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Leslie Moonves Receives Nothing From CBS Exit Package

Leslie Moonves, who led CBS as chief executive for 15 years before he was ousted in 2018, will receive nothing from the $120 million the company had set aside in a potential severance package, according to a federal filing on Friday.

Mr. Moonves left CBS on Sept. 9, 2018, after more than a dozen women accused him of sexual misconduct, allegations that appeared in two articles in The New Yorker by Ronan Farrow. Mr. Moonves has denied the allegations.

That October, as part of a separation agreement, the CBS Corporation board placed $120 million in a so-called grantor trust. That money would go to Mr. Moonves if the company found that there had been no grounds to fire him under his contract.

In December 2018, the board said it had determined that Mr. Moonves was indeed fired for cause, citing “willful and material misfeasance, violation of company policies and breach of his employment contract” in a statement at the time. Mr. Moonves disputed that finding and started arbitration proceedings concerning the possible exit package in January 2019.

it said.

The filing came from ViacomCBS. Mr. Moonves’s previous employer merged with a sibling company, Viacom, in December 2019, after protracted negotiations. Mr. Moonves adamantly opposed the merger plan when he was at the helm of CBS.

“The disputes between Mr. Moonves and CBS have now been resolved,” ViacomCBS said in a statement on Friday. It added that the company and Mr. Moonves would have no further comment on the matter.

Mr. Moonves, 71, was one of the most prominent figures to be toppled by the #MeToo movement. Other powerful men in the media and entertainment businesses whose careers came to an end after they were accused of sexual misconduct included the Fox News chief executive Roger E. Ailes and the film mogul Harvey Weinstein. Mr. Ailes died in 2017, months after leaving the network he had helped create, and Mr. Weinstein fell from power in 2017 and was sentenced last year to 23 years in prison for sex crimes against six women.

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CBS News Will Try to Reinvent Itself, Again

“The wants and habits of our consumers evolve by the day,” Mr. Cheeks wrote to his staff in a memo last week. He effusively praised Ms. Zirinsky as an “indefatigable” driver of “powerful journalism” while suggesting that it would fall to the next generation of CBS leaders to usher in the modern era: “Z has helped position the division for success.”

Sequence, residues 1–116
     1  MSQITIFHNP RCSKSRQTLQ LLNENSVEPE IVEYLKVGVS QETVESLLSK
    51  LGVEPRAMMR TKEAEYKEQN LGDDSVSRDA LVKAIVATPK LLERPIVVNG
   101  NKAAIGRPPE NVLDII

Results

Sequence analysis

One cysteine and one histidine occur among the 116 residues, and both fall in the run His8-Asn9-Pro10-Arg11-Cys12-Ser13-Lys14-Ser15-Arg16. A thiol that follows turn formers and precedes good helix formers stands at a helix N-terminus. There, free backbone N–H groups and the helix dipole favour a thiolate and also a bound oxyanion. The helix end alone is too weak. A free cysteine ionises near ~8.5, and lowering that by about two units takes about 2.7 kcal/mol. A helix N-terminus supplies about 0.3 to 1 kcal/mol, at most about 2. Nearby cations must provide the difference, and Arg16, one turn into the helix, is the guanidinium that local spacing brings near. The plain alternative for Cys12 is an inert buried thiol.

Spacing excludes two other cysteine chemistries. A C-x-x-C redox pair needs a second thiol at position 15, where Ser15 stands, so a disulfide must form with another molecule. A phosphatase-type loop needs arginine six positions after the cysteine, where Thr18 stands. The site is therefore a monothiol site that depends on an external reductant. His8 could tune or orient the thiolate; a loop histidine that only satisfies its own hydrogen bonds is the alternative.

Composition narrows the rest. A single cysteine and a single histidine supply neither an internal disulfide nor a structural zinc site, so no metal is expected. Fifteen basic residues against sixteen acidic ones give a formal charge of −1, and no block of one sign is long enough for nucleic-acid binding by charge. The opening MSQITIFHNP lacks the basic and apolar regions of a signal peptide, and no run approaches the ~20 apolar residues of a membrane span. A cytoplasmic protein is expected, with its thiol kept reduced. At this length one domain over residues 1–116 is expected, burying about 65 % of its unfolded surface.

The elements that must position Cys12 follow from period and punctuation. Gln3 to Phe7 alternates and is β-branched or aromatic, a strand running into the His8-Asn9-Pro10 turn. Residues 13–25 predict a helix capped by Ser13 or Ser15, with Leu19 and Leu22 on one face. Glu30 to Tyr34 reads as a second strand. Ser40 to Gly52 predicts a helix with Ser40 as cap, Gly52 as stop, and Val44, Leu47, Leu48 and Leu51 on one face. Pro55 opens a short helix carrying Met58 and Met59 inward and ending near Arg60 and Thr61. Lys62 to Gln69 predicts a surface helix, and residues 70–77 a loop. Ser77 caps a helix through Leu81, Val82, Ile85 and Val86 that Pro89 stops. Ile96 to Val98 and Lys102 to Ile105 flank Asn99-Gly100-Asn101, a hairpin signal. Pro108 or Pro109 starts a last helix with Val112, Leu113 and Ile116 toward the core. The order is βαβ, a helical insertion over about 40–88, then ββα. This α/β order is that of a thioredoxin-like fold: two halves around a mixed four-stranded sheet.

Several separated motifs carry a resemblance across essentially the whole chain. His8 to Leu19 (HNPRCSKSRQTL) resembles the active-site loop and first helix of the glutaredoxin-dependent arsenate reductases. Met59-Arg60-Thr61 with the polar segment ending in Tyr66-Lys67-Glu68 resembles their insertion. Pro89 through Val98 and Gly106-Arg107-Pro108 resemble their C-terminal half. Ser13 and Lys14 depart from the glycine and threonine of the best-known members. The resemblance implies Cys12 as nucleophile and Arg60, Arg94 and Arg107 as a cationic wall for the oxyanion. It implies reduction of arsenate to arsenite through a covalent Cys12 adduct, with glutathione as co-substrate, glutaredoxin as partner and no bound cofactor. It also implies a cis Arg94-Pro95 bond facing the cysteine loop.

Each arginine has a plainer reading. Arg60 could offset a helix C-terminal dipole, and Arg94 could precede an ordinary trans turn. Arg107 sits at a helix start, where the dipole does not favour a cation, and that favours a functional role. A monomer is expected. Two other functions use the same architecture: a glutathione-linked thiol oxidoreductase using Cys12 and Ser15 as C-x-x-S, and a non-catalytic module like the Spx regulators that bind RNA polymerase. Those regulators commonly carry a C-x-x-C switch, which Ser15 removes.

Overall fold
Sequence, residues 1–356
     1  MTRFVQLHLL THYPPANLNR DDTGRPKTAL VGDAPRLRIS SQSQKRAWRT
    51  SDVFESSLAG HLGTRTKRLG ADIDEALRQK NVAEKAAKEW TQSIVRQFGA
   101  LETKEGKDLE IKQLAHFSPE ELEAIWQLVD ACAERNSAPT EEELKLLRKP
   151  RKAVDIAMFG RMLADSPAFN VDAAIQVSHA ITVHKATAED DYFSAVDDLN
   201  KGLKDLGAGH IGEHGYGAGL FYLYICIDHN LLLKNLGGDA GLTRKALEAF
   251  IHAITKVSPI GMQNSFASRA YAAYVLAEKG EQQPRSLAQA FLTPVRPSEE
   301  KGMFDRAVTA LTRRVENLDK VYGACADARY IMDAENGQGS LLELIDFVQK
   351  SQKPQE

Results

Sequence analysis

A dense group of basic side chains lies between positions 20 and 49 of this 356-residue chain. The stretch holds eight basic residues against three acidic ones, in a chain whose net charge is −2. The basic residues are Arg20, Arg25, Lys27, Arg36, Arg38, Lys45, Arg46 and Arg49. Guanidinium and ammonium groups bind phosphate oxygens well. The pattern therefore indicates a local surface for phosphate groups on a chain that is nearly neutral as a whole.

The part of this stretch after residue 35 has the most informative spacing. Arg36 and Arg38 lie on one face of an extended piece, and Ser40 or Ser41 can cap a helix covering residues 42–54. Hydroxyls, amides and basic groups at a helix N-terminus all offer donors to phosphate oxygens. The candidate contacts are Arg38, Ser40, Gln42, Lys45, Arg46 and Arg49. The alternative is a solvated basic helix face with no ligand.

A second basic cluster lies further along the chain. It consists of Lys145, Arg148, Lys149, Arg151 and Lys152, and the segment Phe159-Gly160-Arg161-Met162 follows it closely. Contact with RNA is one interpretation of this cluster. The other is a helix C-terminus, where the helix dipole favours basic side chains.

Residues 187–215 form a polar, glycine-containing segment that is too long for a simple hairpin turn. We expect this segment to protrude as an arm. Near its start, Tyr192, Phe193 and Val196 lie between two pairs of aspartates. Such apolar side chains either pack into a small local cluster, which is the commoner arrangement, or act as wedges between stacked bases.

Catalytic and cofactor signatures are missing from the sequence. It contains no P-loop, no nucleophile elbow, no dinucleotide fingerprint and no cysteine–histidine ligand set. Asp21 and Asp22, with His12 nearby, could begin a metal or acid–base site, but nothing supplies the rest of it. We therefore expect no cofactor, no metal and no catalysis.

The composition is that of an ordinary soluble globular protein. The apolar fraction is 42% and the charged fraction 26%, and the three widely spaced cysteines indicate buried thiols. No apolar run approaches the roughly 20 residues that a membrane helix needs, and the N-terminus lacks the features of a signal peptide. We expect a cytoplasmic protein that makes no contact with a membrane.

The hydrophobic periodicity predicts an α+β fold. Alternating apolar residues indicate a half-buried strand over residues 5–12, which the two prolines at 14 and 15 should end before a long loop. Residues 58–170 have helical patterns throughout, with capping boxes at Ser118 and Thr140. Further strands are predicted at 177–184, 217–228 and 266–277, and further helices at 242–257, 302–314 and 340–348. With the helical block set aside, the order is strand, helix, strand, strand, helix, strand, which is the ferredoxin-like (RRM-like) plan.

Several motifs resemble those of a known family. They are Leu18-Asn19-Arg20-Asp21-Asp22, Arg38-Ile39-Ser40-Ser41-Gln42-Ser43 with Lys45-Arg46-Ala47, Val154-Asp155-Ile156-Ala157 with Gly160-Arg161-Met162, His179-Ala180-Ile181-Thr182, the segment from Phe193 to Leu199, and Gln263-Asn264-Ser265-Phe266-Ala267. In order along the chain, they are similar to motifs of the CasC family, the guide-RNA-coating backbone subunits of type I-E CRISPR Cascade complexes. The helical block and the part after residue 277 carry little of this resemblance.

Ms. Zirinsky, in the interview, said that “every part of my being believes this transition is right, at the right time, with the right ideas.” She conceded she “would be lying” if she claimed ratings were unimportant, but she noted that “Evening News” had narrowed its deficit in the key demographic and that she had shored up a newsroom that, after the convulsions of recent years, had “felt a bit abandoned.”

Ms. Zirinsky signed the star anchor Gayle King to a new contract at “CBS This Morning,” which had lost momentum after the exit of its former co-anchor Charlie Rose over claims of workplace misconduct. On March 8, the show beat ABC and NBC for the first time on the strength of its exclusive excerpts from Oprah Winfrey’s CBS interview with Meghan Markle. “60 Minutes” and “CBS Sunday Morning” remained highly respected and highly rated.

Some of Ms. Zirinsky’s strengths — a love of producing; an encyclopedic knowledge of the network — proved double-edged. Accustomed to the banter of the control room, she sometimes mused aloud about personnel changes, prompting unease and unauthorized leaks; trained to report every fact, she spent months seeking input about her next moves, delaying big decisions.

By the time Ms. O’Donnell was officially named “Evening News” anchor in May 2019 — days after the announcement had leaked to The New York Post — Ms. Zirinsky had openly told colleagues that the network presidency could be an awkward fit for her. The Post reported last week that Ms. Zirinsky, during a lengthy corporate budget meeting, scrawled “I hate my job” on a sheet of paper and held it up.

“I am transparent,” Ms. Zirinsky said, when asked about her expressions of frustration with the job. “The passion that I feel sometimes gets misinterpreted. I wouldn’t have traded this for anything. If I was asked today to step into this role, I would do it all over again.”